Health care legislation passes

Vice President Joe Biden has described it as ‘a big …. deal’ but many students are wondering exactly how the recent reforms to the health care system will benefit them, if at all.

One of the biggest benefits will go into effect later this year allowing students to remain on their parents’ health insurance plan until age 26, as long as they continue to be a dependent. Students, however, will still have to consider the benefits of becoming independent which removes their parents income from consideration in awarding financial aid and allows them to receive tax benefits such as the recent ‘stimulus checks.’

By 2014, students will be able to stay on their parents health insurance even if they are offered alternative coverage through their own employers. ‘This will help cover the one in three young adults

who are uninsured,’ said a White House press document provided to The Northerner by Shin Inouye, director of Specialty Media for the White House.

Health care reform ‘ensures young adults always have quality, affordable health insurance choices, regardless of how their lives change, particularly as young adults frequently change jobs, move, or hold part-time or temporary jobs,’ according to the White House.
This year, the new law prohibits insurance companies from denying individuals under 19 years old coverage based on pre-existing conditions. Going forward, the law will also prohibit insurance companies from denying coverage to all individuals, according to the White House. Also, this year, the new law will eliminate all lifetime limits on how much insurance companies cover if beneficiaries get sick and bans insurance companies from dropping people from coverage when they get sick.

Also this year the reform act requires new insurance plans to cover prevention and wellness benefits at no charge by exempting these benefits from deductibles and other cost-sharing requirements, which may allow some students coverage for fitness activities.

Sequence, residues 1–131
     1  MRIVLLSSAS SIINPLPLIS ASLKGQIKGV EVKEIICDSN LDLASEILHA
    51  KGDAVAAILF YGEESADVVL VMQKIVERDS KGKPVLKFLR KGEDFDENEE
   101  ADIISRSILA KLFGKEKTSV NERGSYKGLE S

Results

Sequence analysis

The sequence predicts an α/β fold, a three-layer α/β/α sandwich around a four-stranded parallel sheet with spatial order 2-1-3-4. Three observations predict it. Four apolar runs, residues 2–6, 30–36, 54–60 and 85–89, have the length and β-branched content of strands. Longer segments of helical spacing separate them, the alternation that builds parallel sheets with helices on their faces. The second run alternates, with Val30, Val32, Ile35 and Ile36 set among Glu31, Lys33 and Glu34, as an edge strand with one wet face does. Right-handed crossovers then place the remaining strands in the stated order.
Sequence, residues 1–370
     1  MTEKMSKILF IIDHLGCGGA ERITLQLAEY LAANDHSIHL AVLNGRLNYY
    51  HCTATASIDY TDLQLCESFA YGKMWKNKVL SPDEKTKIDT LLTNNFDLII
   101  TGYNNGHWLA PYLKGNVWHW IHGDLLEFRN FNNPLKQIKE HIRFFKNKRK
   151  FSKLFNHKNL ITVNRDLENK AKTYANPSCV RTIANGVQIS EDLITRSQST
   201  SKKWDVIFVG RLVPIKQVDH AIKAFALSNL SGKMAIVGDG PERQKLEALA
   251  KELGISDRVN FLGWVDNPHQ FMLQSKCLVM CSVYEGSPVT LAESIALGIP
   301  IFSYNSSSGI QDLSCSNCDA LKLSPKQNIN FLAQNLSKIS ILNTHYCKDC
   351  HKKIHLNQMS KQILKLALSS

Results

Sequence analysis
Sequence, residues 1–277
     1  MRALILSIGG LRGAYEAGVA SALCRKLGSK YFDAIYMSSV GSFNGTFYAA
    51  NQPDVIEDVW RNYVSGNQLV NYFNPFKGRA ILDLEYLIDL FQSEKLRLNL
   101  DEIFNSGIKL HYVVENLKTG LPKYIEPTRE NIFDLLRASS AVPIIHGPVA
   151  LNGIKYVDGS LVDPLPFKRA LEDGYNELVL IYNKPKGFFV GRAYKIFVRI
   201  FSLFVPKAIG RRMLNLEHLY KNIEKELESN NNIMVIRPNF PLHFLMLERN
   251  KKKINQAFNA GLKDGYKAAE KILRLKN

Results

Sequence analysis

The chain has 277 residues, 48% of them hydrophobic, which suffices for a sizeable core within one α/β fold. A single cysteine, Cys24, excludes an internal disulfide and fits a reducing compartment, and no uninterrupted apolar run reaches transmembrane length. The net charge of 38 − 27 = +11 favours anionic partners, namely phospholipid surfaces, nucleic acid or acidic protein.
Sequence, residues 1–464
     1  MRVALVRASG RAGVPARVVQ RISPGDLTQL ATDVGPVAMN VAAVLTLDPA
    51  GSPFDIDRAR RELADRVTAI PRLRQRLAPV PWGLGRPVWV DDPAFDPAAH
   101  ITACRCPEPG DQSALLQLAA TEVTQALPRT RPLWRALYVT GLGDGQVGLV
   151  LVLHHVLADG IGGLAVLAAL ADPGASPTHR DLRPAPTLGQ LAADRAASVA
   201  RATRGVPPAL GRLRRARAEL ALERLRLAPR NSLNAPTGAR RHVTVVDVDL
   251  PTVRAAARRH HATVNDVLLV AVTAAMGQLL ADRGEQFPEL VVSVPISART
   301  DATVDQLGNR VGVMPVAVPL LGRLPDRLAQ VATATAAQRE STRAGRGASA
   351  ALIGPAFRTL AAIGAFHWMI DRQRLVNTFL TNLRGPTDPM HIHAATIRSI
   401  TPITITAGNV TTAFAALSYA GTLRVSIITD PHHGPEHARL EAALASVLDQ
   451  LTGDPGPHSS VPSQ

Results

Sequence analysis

The law is also supposed to make health insurance more affordable for college students and young adults, according to the White House, because the new law supports states starting in plan year 2011 in requiring health insurance companies to submit justification for requested premium increases. It also ‘cracks down on excessive insurance overhead starting in 2011 by applying standards to how much insurance companies can spend on non-medical costs, such as bureaucracy, executive salaries, and marketing, and provides consumers a rebate if non-medical costs are too high.’

But, not everyone is pleased with the changes or thinks they will benefit college students in the long run, including Kentucky’s two Republican U.S. Senators.

‘The debt that will be created by the President’s health care plan will be on the backs of today’s college students and their children for decades to come.’ I agree in the principle of health care reform but the path that this President and this Congress’ has taken will no doubt lead to higher taxes, job cuts, and cause ill effects to our nation’s health care system.’ said U.S. Senator Jim Bunning (R-Ky.)

Senate Minority Leader Mitch McConnell (R-Ky.) was unavailable for comment, but his office pointed out a recent study by The Associated Press.

The study pointed out that under the health care overhaul, young adults who buy their own insurance will carry a heavier burden of the medical costs of older Americans – a shift expected to raise insurance premiums for young people when the plan takes full effect in 2014.

Beginning in 2014, most Americans will be required to buy insurance or pay a tax penalty. That is when premiums for young adults seeking coverage on the individual market would likely climb by 17 percent on average, or roughly $42 a month, according to an analysis of the plan conducted for The Associated Press. The analysis did not factor in tax credits to help offset the increase.

On April 7,’ U.S Republican Congressman Geoff Davis (R.-Ky.) will address students about the health care reform bill at 2pm in the Otto Budig Theater. There will be a question and answer session to allow any students or staff the opportunity to ask the Congressman questions about issues arising in our country. This event is open to all faculty and students at no cost, but is closed to the public.

The Associated Press contributed to this article.

Story by Jesse Call